In this work, kMC simulations are used to further optimize ICAR ATRP copolymerization processes focusing on a second important class of copolymers, i.e., linear gradient copolymers, in which a gradual transition of one comonomer to another comonomer type along the polymer backbones is targeted. It can be expected that control over monomer sequences for such copolymers is even more critical compared to the major controlling challenges faced in block copolymer synthesis, i.e., an effective chain re-initiation and the suppression of the formation of homopolymer chains upon addition of the second comonomer. In contrast, for linear gradient copolymer synthesis, along the whole process chain re-initiation is relevant, increasing the modeling complexity for instantaneous copolymer composition control.
To obtain gradient monomer sequences in controlled fashion, the use of fed-batch addition of conventional radical initiator, comonomer and deactivator is explored under isothermal conditions, considering methyl methacrylate (MMA) and n-butyl acrylate (nBuA) as comonomers. The latter comonomers are selected to benefit from the inherent tendency of secondary radical species to be converted into tertiary species. It is shown that an overall Cu level of 50 ppm is required to allow for controlled synthesis of ICAR ATRP linear gradient copolymers and that in silico based continuous addition of conventional radical initiator allows to compensate successfully for the negative effect of termination reactions on the ICAR ATRP process. Alternatively, a conventional radical initiator with a sufficiently high half-life time can be used. The highest gradient quality is obtained via a multi-component fed-batch procedure with respect to conventional radical initiator, monomer and deactivator.
2. Kinetic Model
The ICAR ATRP copolymerization of methyl methacrylate (MMA) and n-butyl acrylate (nBuA) aiming at well-defined gradient copolymers is studied, considering the reaction scheme given in Table 1. The corresponding reference system consists of Cu(I)Br/PMDETA (N,N,N′,N′′,N′′-pentamethyldiethylenetriamine) as ATRP catalyst, methyl 2-bromopropionate (MBP) as ATRP initiator (R0X), and 2,2′-azobis(2-methylpropionitrile (AIBN) as conventional radical initiator. For simplicity, a terminal model is used, i.e., the reactivity is assumed to be solely determined by the last monomer unit. In general, it can be expected that a penultimate model is more suited, as frequently only the overall copolymer composition is accurately described .
In Table 1, the values of the intrinsic rate coefficients are also provided at 80 °C, the polymerization temperature selected in this work. Except for reactions involving conventional radical initiator fragments, these intrinsic parameters are taken from a previous kinetic study on the related “normal” ATRP system . For simplicity, a constant conventional radical initiator efficiency of 0.70  is used and the activation/deactivation kinetic parameters related to the conventional radical initiator are taken equal to those of the secondary species. As indicated in a recent study on ICAR ATRP of styrene, it can be expected that these parameters have a very limited effect on the overall polymerization rate and control over polymer properties , justifying the previous assumption.
Diffusional limitations on termination are accounted for by the calculation of chain length and conversion dependent apparent rate coefficients. The related parameters are taken from Van Steenberge et al.  and are based on measurements via the RAFT-CLD-T (reversible addition fragmentation chain transfer polymerization-chain length dependent-termination) technique [28,29]. For simplicity, diffusional limitations on the activation/deactivation process are neglected, since they are typically only relevant at high conversions and for bulky mediating agents .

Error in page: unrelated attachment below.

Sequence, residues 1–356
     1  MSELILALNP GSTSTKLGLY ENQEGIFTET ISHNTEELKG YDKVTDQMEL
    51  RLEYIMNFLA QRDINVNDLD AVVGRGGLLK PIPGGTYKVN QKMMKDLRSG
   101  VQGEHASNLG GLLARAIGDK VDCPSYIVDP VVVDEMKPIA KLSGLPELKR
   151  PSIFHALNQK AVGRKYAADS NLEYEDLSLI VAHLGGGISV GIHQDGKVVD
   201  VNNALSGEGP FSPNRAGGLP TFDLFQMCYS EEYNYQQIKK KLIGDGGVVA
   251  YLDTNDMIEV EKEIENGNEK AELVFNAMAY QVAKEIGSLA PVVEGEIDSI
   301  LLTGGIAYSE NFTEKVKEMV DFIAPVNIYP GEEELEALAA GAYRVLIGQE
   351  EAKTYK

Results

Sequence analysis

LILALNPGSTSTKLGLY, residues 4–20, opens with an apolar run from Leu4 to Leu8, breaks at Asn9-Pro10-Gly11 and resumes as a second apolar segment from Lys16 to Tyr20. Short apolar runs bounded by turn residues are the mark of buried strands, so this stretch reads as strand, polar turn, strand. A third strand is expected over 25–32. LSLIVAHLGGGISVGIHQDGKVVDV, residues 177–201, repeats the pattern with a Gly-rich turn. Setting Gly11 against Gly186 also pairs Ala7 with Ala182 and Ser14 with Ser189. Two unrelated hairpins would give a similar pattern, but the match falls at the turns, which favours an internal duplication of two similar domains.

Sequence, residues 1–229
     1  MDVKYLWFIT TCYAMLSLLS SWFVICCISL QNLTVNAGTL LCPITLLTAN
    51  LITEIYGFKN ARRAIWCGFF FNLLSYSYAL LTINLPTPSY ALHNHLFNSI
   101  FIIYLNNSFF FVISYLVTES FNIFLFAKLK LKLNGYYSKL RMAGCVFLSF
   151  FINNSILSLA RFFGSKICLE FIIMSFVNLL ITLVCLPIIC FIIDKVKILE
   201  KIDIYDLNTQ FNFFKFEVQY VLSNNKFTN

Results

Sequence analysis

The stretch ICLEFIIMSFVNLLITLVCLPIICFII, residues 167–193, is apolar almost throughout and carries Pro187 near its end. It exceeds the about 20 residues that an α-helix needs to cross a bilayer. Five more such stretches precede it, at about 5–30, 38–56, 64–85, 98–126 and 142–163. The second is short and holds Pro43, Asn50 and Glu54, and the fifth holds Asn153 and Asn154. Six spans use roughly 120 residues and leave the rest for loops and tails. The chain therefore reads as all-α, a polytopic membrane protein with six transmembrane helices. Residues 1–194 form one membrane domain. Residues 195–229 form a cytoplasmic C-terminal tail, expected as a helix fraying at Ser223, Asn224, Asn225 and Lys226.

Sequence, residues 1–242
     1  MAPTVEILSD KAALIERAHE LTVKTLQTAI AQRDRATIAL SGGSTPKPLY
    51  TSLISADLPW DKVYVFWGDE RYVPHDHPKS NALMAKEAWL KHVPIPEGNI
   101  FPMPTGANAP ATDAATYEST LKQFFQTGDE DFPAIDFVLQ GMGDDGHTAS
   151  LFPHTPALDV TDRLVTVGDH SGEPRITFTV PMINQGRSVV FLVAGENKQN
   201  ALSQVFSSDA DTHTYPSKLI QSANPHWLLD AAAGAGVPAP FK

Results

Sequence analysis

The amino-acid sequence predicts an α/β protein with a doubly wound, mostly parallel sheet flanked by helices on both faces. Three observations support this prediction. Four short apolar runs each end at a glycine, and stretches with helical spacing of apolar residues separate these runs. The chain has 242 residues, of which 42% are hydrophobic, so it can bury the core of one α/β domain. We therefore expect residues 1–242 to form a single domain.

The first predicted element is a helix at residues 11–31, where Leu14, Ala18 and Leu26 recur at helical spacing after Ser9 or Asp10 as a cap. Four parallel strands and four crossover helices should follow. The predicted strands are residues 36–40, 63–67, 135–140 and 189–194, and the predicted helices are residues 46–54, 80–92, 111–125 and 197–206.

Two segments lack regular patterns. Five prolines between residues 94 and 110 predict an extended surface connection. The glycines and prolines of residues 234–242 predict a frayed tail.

|Reaction||Equation||kchem (80 °C) ((L·mol−1)·s−1)||Ref.|
|Dissociation||1.5 × 10−4|||
|Propagation||5.0 × 104|||
|1.5 × 105|||
|5.0 × 104|||
|1.5 × 105|||
|5.0 × 104|||
|1.5 × 105|||
|4.3 × 102|||
|1.3 × 103|||
|Deactivation||1.0 × 107|||
|1.0 × 107|||
|1.0 × 107|||
|1.0 × 107|||
|Termination||RAFT-CLD-T apparent kinetic parameters to account for diffusional limitations on termination; no intrinsic parameters needed; R0 treated as R1,1 [28,29].|
The simulation results are obtained via an explicit kMC modeling approach, in which the monomer sequences of individual polymer chains are tracked. Importantly, the sample size is sufficiently high to ensure an accurate simulation of the ICAR ATRP kinetics, i.e., convergence testing is performed. To assess the gradient quality of the obtained polymers, the recently introduced <GD> (GD: gradient deviation) polymer property, as introduced by Van Steenberge et al. , is calculated in silico, in case the number average chain length is sufficiently high (>10), as for low average chain lengths (≤ 10) no true gradient behavior can be mimicked. In this <GD> calculation, first for each copolymer chain in a representative kinetic Monte Carlo sample, the individual monomer sequences are compared with those of the corresponding “perfect” linear gradient chain possessing the same chain length. Next, normalization with respect to chain length is performed leading to an individual GD value for each copolymer chain considered, i.e., a distribution of macromolecules with respect to their GD results. In a final step, for easy interpretation, <GD> is obtained by calculating the mean of the GD distribution while performing a rescaling between 0 and 1. For example, for a “perfect” linear gradient copolymer, a <GD> value of 0 is obtained, whereas a maximal value of 1 results for a homopolymer. For <GD> values below 0.25, the gradient quality can be seen as high .